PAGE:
Wednesday, July 25, 2018
Ecclesiastes take two
For everything there is a season, and a time for every matter under heaven:
1. a time to be born, and a time to die; a time to plant, and a time to pluck up what is planted;
2. a time to kill, and a time to heal; a time to break down, and a time to build up;
3. a time to weep, and a time to laugh; a time to mourn, and a time to dance;
4. a time to throw away stones, and a time to gather stones together; a time to embrace, and a time to refrain from embracing;
5. a time to seek, and a time to lose; a time to keep, and a time to throw away;
6. a time to tear, and a time to sew; a time to keep silence, and a time to speak;
7. a time to love, and a time to hate; a time for war, and a time for peace. Ecclesiastes 3:1-11
As we continue to experience and explore these words, it is good to note one other truth the wisdom writer is working with: chronos vs kairos time. Chronos is where we get the word chronological time. Linear time. Time that we mark and measure every single day. Chronological time that tells us when we are running late for an appointment or getting stuck in traffic or punching a time clock or logging hours. This is usually our main frame work and working definition of time. It is the predominate and pervasive metaphor of time today.
Kairos time is different. It is the time that is not about quantity but quality. Time that has meaning. I think about when my wife and I started dating spending hours upon hours talking. All the other "important" things faded away. Or the first time I held my children as newborns. There are moments that are marked in a different way than simply by saying, "It happened at such and such a day and time." Kairos time is that which is beyond time. Those moments when something major is happening in your life ~ weddings, deaths, birthdays, anniversaries ~ something so significant and yet the world around you keeps spinning. You want to shout, "Pay attention here." But to every one else it is an ordinary Tuesday.
I hope this helps with the difference because for the wisdom writer, she is pointing to Kairos time rather than chronos time. The struggle is that all of kairos time happens within chronos time. Chronos is the larger structure, container, but that doesn't mean it is more important. To dig deeper into the kairos, the beauty and brokenness of this one moment, to look at life with a microscope, that is the invitation here.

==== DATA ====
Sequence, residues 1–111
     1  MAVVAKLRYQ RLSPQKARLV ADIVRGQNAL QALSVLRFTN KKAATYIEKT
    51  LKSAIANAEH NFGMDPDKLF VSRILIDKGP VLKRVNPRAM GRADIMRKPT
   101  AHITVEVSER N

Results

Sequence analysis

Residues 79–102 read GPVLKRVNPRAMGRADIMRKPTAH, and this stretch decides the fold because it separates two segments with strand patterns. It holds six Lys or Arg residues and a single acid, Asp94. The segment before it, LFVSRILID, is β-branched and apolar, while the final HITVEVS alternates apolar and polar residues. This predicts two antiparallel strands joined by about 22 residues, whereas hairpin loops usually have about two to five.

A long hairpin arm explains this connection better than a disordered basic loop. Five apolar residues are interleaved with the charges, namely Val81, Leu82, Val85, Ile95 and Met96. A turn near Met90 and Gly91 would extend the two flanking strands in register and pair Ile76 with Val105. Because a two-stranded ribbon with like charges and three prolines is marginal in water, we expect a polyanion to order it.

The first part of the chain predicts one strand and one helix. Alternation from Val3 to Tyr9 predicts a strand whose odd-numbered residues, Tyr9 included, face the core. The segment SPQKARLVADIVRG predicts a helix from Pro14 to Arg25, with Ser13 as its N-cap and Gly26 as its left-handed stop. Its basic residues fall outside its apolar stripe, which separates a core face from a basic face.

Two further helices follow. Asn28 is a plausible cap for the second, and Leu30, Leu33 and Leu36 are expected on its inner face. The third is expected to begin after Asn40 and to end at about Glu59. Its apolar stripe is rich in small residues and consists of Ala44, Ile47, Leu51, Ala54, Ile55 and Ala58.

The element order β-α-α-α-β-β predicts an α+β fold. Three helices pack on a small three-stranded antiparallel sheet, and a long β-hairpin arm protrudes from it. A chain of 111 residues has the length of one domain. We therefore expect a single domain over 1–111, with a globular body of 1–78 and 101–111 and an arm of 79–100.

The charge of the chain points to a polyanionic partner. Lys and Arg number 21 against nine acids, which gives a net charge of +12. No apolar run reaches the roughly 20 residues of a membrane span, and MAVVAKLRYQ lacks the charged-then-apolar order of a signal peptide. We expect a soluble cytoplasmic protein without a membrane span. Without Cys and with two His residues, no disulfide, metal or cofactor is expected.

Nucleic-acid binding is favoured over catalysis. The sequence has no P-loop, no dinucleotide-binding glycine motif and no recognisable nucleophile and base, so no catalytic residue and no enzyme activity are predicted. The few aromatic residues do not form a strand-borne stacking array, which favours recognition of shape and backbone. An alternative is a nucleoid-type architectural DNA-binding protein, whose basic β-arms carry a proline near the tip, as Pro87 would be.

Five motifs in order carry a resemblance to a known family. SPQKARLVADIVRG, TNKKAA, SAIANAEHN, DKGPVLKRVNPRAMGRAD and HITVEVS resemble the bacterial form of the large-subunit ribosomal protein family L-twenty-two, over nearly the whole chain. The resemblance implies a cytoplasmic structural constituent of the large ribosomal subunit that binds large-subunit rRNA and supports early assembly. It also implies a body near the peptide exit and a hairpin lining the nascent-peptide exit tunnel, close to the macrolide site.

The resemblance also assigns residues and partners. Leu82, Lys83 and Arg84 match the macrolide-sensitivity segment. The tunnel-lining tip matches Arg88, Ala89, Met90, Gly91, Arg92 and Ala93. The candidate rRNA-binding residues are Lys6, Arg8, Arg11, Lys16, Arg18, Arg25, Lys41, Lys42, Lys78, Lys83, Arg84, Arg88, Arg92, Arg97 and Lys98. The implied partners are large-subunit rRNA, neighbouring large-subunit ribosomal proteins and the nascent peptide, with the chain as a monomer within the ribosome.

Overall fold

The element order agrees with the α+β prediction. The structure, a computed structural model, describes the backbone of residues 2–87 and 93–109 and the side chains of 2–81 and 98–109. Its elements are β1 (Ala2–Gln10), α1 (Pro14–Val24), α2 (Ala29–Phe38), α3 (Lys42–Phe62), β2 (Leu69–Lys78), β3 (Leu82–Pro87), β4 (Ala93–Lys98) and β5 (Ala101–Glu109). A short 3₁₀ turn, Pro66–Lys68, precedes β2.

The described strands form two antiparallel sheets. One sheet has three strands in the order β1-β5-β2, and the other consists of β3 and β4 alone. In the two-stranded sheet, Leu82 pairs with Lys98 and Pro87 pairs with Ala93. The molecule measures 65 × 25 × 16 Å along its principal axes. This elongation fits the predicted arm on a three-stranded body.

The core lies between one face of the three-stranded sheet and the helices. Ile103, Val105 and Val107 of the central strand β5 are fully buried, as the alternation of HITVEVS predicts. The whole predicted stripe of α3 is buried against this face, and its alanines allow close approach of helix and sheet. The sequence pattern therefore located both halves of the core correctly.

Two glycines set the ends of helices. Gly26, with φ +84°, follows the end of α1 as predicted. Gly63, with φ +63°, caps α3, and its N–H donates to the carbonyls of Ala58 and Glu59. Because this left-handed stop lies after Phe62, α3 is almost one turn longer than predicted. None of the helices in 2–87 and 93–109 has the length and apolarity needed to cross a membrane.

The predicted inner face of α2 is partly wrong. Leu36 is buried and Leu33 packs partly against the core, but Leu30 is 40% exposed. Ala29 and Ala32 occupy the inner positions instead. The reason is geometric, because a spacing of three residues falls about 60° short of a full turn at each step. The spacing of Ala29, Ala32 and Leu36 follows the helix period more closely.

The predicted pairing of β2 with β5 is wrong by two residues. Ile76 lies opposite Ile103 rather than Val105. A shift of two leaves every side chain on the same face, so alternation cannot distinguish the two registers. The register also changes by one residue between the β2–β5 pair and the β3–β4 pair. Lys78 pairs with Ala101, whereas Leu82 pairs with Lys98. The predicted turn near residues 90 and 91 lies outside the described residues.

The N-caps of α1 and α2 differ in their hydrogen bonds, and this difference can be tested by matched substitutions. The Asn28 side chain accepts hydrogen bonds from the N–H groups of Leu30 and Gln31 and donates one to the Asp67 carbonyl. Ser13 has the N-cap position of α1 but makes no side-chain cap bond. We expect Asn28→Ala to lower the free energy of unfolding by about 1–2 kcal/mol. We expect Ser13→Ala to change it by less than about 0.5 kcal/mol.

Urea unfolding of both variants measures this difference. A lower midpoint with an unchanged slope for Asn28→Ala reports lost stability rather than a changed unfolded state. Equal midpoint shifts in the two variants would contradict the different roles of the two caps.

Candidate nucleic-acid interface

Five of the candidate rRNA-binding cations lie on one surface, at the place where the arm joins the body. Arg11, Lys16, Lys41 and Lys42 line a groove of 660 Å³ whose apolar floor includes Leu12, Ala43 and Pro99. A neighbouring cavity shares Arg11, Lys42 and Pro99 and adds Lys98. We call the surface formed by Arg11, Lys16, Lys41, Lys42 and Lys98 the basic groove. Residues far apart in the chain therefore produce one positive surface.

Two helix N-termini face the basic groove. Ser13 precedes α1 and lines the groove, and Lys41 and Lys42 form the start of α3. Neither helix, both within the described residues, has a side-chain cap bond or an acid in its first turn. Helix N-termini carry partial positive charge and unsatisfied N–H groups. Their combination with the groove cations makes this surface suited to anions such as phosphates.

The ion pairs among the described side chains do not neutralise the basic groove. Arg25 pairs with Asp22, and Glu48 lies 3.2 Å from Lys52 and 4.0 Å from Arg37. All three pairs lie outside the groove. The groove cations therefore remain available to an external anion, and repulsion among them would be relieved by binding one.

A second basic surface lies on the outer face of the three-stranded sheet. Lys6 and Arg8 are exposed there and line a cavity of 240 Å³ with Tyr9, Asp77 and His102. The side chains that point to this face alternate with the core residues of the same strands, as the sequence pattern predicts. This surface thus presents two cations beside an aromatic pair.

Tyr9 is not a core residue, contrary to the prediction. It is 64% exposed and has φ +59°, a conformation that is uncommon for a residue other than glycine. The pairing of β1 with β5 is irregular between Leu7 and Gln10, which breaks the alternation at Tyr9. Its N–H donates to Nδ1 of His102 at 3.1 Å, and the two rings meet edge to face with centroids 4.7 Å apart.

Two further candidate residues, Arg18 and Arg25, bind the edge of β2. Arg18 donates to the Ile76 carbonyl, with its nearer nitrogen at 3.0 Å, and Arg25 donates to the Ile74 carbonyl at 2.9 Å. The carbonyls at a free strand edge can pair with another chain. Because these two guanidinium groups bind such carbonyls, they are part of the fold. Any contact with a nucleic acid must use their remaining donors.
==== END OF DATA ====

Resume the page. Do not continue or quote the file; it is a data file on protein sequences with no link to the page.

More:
Notice that for the wisdom writer there are seven sets of two couplets. Seven is a complete number. You could also make the case that it is really fourteen single couplets, which is true too. Fourteen is simply seven times two, so it still has some sacredness. I think taking the two couplets at a time makes some sense and can help shine a light on what the writer is saying.
For now, I want to invite you to take the list above and write down one chronos moment for each word and perhaps prayerfully ponder the kairos of that moment.
For example, I can think about the day my children where born for a time to be born. I can think about the day my mom died for a time to die. I can think about the day we got our dog for a time to be born and the funerals that have filled my calendar recently. The deeper question is to put some meaning around these, how did that moment influence and impact me? This is the kairos question of the wisdom writer. And I believe it is here on the kairos level that the wisdom writer wants us to set up our tent rather than simply dwelling on the more chronos level. I hope this experience of letting these words speak and come to life from experiences in your life offers more than a trace of grace in your life.